Multimodaling and multilanguaging: charting student (open) access and (communal) success through multiliteracies / J.A.K Olivier
Olivier, Jacobus Alwyn Kruger
MetadataShow full item record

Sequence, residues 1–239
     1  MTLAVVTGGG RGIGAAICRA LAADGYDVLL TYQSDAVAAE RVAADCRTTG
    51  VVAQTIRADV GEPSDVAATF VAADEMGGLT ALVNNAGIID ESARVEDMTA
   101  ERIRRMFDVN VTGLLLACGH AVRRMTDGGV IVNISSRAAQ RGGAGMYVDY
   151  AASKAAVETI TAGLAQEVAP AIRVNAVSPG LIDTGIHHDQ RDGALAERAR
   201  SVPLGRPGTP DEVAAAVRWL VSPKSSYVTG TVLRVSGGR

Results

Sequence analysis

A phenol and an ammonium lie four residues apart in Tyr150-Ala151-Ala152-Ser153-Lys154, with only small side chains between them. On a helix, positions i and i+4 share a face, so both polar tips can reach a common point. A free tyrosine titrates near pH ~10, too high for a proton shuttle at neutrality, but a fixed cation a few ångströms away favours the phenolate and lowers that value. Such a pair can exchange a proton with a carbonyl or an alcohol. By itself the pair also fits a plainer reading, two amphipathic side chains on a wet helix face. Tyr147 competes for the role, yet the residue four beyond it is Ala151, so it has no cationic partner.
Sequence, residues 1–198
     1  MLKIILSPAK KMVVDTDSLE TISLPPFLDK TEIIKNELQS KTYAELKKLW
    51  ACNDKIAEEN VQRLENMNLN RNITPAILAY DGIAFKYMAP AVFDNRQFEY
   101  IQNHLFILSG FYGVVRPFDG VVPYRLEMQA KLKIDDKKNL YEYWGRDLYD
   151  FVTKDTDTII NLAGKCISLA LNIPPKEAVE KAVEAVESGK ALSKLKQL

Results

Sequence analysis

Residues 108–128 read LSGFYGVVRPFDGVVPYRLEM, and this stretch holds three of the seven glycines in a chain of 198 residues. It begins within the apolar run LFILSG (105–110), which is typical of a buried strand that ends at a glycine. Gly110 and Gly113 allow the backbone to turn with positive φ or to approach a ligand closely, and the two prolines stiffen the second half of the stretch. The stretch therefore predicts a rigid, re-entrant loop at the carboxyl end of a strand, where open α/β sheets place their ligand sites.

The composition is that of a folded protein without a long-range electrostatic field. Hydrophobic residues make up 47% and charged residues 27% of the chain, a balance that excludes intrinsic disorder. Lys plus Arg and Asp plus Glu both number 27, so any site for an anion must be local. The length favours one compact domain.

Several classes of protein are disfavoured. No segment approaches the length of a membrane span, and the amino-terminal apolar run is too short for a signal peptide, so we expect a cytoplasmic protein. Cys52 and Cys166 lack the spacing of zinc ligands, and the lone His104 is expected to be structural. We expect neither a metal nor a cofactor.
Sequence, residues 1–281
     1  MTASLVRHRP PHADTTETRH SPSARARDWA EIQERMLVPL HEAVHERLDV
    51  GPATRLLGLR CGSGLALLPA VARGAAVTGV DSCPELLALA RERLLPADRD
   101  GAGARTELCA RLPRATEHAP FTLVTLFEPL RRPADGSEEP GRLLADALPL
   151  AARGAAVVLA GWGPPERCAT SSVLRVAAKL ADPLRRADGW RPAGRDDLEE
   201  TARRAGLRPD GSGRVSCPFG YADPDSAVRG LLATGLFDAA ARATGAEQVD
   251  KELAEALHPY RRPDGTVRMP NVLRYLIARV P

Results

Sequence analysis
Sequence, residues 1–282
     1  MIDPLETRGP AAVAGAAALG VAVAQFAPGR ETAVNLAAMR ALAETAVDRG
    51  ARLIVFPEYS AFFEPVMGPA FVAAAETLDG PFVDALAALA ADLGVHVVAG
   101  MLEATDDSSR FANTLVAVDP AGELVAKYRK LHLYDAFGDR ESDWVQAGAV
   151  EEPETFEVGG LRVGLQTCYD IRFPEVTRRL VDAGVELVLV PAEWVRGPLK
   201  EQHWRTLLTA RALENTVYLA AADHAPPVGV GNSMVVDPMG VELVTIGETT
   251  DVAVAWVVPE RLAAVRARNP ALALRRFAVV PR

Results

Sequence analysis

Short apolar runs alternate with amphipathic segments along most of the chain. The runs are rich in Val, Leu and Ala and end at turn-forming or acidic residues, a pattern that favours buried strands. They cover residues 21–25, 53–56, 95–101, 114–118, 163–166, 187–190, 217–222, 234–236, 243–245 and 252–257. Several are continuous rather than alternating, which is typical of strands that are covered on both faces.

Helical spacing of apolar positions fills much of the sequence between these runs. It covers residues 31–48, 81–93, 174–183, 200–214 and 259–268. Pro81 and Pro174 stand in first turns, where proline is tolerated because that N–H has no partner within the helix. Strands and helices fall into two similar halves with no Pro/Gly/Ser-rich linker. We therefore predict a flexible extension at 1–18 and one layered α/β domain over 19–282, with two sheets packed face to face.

Multiliteracies can support student open access and communal success in the context of multimodaling and multilanguaging and ultimately in the process foster self-directed learning. From academic literature the concerns regarding literacy levels are clear and the overemphasis on reading and writing (versus other skills) is evident. Furthermore, there is a need for an extension of multimodal learning in higher education. Multimodaling in terms of communication, learning/teaching and delivery must be accounted for and accommodated. A non-compartmentalised view of modes and modalities is necessary in educational contexts. In this regard, instructional technology can play an increasingly important role. The blending of approaches, delivery mediums or technologies will increasingly become the norm and lecturers and students should, therefore, be able to function effectively within the different modalities. Yet, a clear digital divide in South Africa poses problems to the effective implementation of multimodal learning. Support in terms of computer literacy and even computer anxiety must be interrogated in higher education. When considering multimodal learning and multiliteracies, the multilingual nature of students at universities cannot be ignored. As such, a move towards multilanguaging by means of technology is proposed. There is ample evidence of successful integration of African languages in higher education and through technology multilanguaging can be achieved. In addition, language attitude planning as operationalisation of the language status planning process should be accommodated. In terms of access, the concept of open education is highly relevant in a South African context. Open educational resources can provide many possibilities in terms of both formal and epistemological access to a range of resources. Success in higher education can be reached through a communal constructivist approach where collaboration is facilitated through multimodal support. In addition, success would imply that students are self-directed and possess relevant multiliteracies. It is evident that the discussion on what literacy entails should be ongoing and be revised and repurposed as required during the learning, unlearning and relearning process.